Debt-laden drilling company Premier Oil has been swallowed up by a rival, ending 86 years of independence and creating one of the largest fossil producers in the North Sea.
Premier will be acquired by Chrysaor, rescuing the embattled listed company from its looming mountain of debt but leaving its previous shareholders with little more 5pc of the enlarged group.
Premier chief executive Tony Durrant said that the move - which has been quietly under discussion for some time - will mean his company's ambitious plan to acquire BP's North Sea assets is scrapped.
Mr Durrant will leave Premier Oil after 15 years at the company. He also said that Hong Kong-based hedge fund ARCM had played a significant role in brokering the merger.
ARCM is one of Premier's largest shareholders and holds a significant portion of the company's debt.
The fund lent money to Premier, then built up a huge bet – one of the largest in UK company history – against the company's shares as a hedge, before agreeing in June this year to buy stock in the company at a discount following disagreements over strategy.
Mr Durrant said: "They've been pretty heavily involved. They're getting something like 60 cents in the dollar in immediate cash repayment."
He said that ARCM will retain a stake in the freshly merged company, which will remain listed on the London Stock Exchange under a new name.
Premier shares have fallen 83pc since the start of the year.
Under the terms of the merger, its $2.7bn (£2bn) debts will be cancelled and a cash payment of $1.2bn will be made to Premier’s creditors. Some Premier creditors will also swap debt for shares.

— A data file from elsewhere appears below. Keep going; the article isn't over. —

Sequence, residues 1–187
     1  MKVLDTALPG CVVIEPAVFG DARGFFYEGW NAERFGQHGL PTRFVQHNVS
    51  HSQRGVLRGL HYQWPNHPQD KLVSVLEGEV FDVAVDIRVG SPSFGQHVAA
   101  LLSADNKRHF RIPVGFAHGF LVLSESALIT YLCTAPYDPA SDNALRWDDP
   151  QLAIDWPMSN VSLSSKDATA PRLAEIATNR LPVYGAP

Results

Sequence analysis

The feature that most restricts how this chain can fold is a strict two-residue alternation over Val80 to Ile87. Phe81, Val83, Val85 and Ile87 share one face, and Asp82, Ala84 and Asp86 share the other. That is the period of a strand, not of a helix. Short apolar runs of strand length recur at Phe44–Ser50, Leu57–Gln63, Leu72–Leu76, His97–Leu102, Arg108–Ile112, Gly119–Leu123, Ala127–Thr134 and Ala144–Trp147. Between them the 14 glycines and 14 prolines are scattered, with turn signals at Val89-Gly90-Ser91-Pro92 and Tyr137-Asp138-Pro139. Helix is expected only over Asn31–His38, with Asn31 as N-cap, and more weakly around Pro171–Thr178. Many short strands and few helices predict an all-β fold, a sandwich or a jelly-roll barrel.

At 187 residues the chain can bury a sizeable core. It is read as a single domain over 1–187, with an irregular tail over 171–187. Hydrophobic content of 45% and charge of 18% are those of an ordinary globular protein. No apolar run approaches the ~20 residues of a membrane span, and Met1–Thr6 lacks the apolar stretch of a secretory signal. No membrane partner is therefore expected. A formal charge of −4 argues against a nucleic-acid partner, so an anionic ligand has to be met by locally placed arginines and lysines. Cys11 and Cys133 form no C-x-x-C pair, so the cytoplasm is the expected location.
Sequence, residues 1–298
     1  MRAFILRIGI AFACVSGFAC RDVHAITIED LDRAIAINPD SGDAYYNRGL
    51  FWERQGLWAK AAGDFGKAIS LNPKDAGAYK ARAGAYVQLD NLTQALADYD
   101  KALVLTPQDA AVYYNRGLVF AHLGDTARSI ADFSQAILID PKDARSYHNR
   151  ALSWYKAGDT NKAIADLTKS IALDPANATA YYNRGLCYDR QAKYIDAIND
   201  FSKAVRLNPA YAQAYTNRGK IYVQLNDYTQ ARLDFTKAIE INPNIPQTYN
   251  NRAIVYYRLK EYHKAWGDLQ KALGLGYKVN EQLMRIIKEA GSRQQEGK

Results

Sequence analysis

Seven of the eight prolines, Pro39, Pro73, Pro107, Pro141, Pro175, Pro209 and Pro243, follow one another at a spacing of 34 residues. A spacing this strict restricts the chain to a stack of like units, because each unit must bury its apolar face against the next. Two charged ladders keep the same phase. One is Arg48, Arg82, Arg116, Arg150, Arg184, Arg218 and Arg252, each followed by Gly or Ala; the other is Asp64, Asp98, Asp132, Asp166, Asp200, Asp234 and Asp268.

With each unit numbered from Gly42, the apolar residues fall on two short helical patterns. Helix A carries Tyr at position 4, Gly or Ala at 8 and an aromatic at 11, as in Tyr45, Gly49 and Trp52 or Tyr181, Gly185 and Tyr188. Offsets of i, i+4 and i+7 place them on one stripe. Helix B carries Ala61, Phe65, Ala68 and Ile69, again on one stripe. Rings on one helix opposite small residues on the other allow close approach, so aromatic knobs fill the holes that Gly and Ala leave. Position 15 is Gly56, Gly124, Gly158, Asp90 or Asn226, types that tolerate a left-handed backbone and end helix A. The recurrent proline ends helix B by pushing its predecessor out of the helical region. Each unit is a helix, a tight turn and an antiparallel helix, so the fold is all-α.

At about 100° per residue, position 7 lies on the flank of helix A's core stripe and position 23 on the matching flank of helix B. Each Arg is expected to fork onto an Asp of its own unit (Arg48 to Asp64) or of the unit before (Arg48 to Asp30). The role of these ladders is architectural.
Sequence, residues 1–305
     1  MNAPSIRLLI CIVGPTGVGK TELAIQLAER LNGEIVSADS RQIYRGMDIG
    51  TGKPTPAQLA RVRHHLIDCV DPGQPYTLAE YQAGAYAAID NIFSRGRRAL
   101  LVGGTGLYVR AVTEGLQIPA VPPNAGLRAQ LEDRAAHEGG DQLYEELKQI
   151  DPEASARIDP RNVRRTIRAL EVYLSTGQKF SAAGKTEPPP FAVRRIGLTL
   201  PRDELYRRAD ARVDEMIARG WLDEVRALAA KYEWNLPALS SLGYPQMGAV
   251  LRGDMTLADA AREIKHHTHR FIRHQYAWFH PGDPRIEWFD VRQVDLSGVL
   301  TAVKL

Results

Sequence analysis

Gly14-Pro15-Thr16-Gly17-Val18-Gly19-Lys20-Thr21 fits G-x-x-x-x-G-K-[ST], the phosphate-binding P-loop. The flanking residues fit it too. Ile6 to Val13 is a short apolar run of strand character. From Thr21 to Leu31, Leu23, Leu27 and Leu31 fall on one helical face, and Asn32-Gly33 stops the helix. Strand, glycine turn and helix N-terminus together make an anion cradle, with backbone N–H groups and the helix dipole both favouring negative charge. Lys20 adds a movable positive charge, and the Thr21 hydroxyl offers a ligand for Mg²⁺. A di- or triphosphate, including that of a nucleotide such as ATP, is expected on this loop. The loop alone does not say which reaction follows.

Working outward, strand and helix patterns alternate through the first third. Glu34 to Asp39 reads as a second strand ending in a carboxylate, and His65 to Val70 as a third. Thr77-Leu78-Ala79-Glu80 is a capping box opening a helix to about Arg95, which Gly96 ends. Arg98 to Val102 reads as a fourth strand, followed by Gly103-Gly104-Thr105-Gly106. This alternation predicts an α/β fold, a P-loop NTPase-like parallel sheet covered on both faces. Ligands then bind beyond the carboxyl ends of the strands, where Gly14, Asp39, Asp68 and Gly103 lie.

Premier stakeholders including existing shareholders will hold 23pc of the combined group, with Chrysaor shareholders owning the rest. Chrysaor’s largest investor, Harbour, is expected to have a 39pc stake.
Shares in Premier jumped as much as 13pc before falling back to be about 5pc higher.
Last month Premier said it aimed to raise $530m (£408m) on the stock market to help shore up its finances. It has suffered badly from a plunge in the oil price, with Brent crude collapsing from about $60 a barrel a year ago to as little as $19 at the height of the pandemic as drivers stayed home and businesses shut.
The combined company will produce some 250,000 barrels of oil a day, and the merger is subject to approval by shareholders and creditors.
Roy Franklin, chairman of Premier, said the board intends to recommend the offer to shareholders.
Linda Cook, chief executive of investor Harbour, said the merger will significantly increase the companies' leading position in the North Sea and will expand its footprint to Asia and Latin America.
She said: “We are excited by the Premier assets in these regions and view them as the foundations upon which to build material portfolios and further diversify the company.”
The deal is the third multi-billion takeover for Chrysaor in four years. Chaired by Ms Cook, former head of Shell’s gas and power division, Chrysaor leapt out of relative obscurity in 2017 when it bought about $3bn (£2.3bn) of Shell’s assets in the North Sea.
Mr Durrant said that Chrysaor's acquisition of ConocoPhillips UK for $2.7bn last year had made the merger offer much more attractive because of the scale it provided.
"We always thought that with Chrysaor's producing cash flow in the North Sea, plus Premier’s tax losses and international portfolio, you made an interesting company."
Analysts at Citi said: "The more robust financial position will allow the company to prioritise the most economically robust development projects and reduce costs to improve returns."
Peel Hunt analysts recommended that Premier shareholders back the deal even though their stakes will be reduced.
They said: "The shares will respond positively this morning as the prospect of an imminent, large dilutive equity raise is removed and the market looks to a new future that will provide considerably more reasons to retain ownership in the enlarged entity."